The importance of serial

Doug Wight, former News of the World Books Editor and now a freelance books consultant, looks at the importance of serial rights.

In the five years I was a serial buyer for a national newspaper I was able to witness first hand the impact a good serialisation could have on book sales.

Strong, positive coverage in a newspaper can do wonders for a book. Retailers can massively increase their stock orders ahead of publication and, on the occasions when we ran post-publication extracts, we could watch as the title shot up the Amazon charts.

It was often said that a reader needed three prompters to buy a book - for example from a good review, word of mouth recommendation, or a good marketing campaign. I often felt a newspaper serial was worth at least two of those prompters. By running extracts, the newspaper was giving its own endorsement to the book, the serial allowed readers to sample a large chunk of material to showcase the author’s ‘voice’ and often a strong headline or lead story created a buzz around the book.

A good serialisation with the right newspaper can propel books to the top of the charts. Memoirs by Bernie Nolan and Denise Welch, among others, went to number one thanks to serials in the Sunday/Mirror, while Coronation Street actress Beverley Callard went to number one thanks to a successful serial in the News of the World . It is not just the big celebrity names that benefit. Less glamourous titles can achieve positive sales thanks to coverage in national papers. Books like Crack House and Baby X spawned follow-up titles, thanks to early coverage in national papers.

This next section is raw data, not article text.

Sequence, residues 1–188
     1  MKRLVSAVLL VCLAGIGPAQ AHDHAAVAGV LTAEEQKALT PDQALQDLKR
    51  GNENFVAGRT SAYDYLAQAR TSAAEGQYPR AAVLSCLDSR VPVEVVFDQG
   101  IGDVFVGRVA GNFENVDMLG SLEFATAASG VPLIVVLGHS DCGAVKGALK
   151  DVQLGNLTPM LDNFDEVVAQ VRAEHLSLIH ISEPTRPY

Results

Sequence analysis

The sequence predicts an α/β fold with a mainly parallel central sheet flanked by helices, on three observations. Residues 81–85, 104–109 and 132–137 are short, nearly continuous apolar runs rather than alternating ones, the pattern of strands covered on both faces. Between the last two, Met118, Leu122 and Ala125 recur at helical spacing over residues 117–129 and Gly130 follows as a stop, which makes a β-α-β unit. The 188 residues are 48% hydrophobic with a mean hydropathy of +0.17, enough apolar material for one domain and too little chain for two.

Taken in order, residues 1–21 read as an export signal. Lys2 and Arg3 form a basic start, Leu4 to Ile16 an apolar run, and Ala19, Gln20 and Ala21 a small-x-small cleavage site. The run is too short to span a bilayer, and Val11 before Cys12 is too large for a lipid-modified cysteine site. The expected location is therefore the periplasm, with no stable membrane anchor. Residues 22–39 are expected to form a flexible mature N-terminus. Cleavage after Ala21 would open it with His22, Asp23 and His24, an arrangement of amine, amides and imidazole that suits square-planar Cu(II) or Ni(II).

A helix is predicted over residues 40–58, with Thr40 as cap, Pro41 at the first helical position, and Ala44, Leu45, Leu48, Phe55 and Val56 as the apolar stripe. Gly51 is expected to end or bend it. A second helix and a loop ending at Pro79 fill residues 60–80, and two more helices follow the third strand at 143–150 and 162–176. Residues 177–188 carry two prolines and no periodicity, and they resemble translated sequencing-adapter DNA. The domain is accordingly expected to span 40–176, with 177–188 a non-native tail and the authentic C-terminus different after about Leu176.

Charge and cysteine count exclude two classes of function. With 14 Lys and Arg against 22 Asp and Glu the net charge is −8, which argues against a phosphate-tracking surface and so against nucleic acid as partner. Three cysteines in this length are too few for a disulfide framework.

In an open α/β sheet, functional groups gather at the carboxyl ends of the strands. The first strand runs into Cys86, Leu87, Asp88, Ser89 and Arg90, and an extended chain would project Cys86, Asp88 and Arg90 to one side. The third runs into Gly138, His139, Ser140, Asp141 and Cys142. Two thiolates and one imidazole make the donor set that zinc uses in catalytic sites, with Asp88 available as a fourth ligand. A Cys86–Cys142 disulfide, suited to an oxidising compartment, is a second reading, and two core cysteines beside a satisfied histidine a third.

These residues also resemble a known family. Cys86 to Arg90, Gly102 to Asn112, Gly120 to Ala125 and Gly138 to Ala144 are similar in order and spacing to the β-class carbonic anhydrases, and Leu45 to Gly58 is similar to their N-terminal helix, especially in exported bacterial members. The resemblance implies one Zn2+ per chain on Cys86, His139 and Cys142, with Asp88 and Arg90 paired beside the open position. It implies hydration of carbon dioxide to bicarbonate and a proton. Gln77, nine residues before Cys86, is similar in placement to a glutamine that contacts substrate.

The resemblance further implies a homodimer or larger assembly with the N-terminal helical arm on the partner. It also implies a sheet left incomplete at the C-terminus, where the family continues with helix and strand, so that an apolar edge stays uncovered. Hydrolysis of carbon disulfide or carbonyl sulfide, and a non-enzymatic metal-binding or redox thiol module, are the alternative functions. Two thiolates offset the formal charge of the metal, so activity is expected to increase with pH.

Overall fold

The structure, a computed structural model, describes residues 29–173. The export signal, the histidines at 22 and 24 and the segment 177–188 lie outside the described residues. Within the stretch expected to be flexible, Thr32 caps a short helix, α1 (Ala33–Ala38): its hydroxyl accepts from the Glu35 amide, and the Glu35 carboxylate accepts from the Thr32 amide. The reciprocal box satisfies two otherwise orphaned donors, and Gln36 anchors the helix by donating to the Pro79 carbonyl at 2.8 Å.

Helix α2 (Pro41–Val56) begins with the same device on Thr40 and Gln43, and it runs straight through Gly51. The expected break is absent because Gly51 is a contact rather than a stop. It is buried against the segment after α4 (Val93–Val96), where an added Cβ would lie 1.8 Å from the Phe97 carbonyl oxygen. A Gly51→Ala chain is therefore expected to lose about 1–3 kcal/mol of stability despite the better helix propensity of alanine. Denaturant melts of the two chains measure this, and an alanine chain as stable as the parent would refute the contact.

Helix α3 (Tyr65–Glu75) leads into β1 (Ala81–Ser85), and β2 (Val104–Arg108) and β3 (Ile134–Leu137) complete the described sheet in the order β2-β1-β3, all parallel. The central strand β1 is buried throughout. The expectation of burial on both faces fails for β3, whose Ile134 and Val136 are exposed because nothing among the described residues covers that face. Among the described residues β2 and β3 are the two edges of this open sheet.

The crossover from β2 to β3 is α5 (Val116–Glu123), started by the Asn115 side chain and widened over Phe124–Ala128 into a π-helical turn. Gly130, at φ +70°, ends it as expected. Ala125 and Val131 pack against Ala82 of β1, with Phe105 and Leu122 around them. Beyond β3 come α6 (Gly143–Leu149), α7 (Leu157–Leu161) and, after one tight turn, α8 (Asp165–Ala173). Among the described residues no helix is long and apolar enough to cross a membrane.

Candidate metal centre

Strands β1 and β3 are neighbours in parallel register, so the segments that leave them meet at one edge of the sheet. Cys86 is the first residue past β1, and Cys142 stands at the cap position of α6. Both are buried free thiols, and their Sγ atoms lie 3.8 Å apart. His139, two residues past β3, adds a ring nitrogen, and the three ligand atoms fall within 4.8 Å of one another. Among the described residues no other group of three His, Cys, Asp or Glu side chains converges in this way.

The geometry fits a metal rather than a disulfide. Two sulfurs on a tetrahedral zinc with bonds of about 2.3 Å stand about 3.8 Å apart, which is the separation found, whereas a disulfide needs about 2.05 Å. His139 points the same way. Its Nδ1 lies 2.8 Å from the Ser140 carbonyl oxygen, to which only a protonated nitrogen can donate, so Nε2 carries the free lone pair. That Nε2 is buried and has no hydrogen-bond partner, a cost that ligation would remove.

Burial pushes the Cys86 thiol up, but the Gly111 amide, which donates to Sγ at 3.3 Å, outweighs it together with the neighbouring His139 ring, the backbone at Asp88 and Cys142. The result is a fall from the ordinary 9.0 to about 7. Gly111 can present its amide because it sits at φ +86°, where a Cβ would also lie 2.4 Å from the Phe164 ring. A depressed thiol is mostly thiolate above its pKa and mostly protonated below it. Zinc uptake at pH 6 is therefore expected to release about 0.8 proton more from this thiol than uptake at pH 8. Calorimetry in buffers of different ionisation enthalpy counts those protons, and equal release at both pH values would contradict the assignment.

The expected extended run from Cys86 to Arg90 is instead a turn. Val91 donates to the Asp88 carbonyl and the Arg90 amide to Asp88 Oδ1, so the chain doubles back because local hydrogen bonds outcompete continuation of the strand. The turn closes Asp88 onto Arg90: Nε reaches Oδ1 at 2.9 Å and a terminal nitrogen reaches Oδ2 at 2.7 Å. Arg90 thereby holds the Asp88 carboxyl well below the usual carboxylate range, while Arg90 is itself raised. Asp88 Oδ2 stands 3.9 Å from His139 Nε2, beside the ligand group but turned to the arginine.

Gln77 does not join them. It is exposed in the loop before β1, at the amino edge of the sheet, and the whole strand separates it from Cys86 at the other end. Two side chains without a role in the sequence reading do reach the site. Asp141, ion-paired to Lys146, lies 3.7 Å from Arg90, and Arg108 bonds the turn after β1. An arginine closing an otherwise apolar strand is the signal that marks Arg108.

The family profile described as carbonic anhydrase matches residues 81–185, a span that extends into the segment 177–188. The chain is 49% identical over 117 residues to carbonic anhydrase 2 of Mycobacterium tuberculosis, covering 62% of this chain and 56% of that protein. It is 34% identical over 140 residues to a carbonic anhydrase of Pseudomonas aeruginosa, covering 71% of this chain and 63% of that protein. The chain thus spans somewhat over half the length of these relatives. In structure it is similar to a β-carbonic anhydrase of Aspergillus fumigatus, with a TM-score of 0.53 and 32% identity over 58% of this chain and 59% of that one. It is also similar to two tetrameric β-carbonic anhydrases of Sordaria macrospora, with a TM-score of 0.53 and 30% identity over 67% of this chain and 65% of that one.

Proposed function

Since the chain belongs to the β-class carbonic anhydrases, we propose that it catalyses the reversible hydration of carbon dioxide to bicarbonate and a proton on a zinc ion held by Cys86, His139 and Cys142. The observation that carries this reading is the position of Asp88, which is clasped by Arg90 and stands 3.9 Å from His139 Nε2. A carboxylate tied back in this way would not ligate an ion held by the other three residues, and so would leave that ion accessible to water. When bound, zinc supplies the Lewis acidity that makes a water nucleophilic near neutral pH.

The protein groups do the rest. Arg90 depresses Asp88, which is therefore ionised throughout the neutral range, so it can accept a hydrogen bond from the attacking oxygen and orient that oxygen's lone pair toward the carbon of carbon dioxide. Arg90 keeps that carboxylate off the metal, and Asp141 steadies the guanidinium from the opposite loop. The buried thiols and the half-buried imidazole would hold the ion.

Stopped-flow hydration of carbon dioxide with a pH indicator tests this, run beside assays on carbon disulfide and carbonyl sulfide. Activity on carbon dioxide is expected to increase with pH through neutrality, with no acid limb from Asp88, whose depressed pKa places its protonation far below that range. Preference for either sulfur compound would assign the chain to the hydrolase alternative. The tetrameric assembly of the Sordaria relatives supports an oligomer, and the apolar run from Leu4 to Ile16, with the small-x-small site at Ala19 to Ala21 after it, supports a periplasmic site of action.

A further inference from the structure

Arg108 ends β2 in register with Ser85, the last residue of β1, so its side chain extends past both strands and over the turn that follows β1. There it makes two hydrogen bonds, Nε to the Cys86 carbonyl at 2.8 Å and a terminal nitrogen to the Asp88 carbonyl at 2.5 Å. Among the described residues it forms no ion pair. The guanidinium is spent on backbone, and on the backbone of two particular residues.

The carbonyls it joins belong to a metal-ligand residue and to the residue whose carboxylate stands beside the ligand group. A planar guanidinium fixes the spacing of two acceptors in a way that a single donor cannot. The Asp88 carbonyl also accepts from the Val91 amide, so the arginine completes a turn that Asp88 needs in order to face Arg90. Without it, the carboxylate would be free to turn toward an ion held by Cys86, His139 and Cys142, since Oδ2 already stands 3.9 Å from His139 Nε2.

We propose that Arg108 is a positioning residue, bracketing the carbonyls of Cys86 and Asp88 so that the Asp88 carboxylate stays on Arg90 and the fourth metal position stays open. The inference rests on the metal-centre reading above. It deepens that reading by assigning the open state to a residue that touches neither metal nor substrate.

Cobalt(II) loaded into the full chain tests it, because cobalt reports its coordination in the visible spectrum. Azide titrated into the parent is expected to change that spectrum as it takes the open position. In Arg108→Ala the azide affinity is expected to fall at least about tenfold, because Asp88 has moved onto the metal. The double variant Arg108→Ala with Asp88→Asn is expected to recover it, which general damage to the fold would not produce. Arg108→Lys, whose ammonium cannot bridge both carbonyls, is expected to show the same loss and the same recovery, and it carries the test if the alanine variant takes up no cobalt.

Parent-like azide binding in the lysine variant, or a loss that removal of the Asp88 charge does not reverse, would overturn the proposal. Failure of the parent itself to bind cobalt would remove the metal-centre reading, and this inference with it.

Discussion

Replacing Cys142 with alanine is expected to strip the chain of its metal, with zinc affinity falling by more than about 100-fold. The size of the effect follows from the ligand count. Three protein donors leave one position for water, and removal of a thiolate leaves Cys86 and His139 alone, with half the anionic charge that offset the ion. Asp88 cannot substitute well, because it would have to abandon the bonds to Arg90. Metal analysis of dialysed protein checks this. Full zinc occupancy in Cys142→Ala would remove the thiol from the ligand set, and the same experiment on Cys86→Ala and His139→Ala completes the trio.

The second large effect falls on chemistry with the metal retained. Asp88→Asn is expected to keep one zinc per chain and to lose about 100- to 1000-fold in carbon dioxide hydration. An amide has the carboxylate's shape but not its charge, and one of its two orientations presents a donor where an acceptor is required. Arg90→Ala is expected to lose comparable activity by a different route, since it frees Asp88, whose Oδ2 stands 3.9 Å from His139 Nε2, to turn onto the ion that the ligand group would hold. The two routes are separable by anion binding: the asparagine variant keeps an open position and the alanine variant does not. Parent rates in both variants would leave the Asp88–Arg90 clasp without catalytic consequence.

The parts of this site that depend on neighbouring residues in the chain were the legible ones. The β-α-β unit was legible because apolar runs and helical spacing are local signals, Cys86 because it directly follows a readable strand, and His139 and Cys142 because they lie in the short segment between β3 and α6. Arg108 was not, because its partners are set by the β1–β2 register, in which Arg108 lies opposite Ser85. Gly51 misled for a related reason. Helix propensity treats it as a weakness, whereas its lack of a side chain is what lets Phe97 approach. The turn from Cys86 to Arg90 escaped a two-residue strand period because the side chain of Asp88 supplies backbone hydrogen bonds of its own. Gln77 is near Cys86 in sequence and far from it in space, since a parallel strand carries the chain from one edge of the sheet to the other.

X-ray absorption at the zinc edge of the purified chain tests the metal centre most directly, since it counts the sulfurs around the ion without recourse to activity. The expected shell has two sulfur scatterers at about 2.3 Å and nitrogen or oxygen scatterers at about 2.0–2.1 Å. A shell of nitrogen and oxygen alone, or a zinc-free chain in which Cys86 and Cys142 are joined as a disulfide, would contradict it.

Serialisations also provide a solid platform for additional publicity on television, radio, local newspapers and magazines, happy to take their lead from national press coverage. The tie-ins are good for newspapers too. In the years before the News of the World closed, two of its biggest sales spikes were put down to serialisations of autobiographies from Beverley Callard and footballer Dwight Yorke.

Newspapers look for anything that provides a good angle. From high profile celebrity memoirs to strong real-life stories, never-before-told historical tales to science books and photography specials, they will snap up anything that provides value for readers. And, as readerships and sales decline for both publishers and newspapers, they need each other more than ever.

Traditionally, publishers would factor in potential serial revenue when it came to offering advances. While it’s generally true that the money available for serial has fallen in recent years, in line with decreasing advances, newspapers are also in line with publishers on another important aspect - if the book is strong enough then it will generate interest, which can lead to a successful serial that hopefully will be translated into book sales.

Newspapers are the perfect shop window for a brilliant book.